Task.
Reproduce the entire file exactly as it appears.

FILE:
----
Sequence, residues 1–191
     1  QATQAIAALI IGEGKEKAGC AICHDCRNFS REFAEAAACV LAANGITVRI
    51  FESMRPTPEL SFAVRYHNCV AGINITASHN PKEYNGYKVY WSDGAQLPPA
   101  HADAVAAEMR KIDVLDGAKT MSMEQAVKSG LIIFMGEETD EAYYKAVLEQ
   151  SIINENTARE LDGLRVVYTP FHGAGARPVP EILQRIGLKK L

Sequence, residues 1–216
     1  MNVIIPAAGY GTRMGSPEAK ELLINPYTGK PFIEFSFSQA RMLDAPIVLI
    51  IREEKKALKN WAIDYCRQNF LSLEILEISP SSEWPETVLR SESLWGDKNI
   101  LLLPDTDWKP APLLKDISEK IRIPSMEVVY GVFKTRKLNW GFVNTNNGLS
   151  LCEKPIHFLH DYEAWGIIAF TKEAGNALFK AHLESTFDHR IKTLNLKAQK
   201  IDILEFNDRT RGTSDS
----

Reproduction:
Sequence, residues 1–191
     1  QATQAIAALI IGEGKEKAGC AICHDCRNFS REFAEAAACV LAANGITVRI
    51  FESMRPTPEL SFAVRYHNCV AGINITASHN PKEYNGYKVY WSDGAQLPPA
   101  HADAVAAEMR KIDVLDGAKT MSMEQAVKSG LIIFMGEETD EAYYKAVLEQ
   151  SIINENTARE LDGLRVVYTP FHGAGARPVP EILQRIGLKK L

Sequence, residues 1–216
     1  MNVIIPAAGY GTRMGSPEAK ELLINPYTGK PFIEFSFSQA RMLDAPIVLI
    51  IREEKKALKN WAIDYCRQNF LSLEILEISP SSEWPETVLR SESLWGDKNI
   101  LLLPDTDWKP APLLKDISEK IRIPSMEVVY GVFKTRKLNW GFVNTNNGLS
   151  LCEKPIHFLH DYEAWGIIAF TKEAGNALFK AHLESTFDHR IKTLNLKAQK
   201  IDILEFNDRT RGTSDS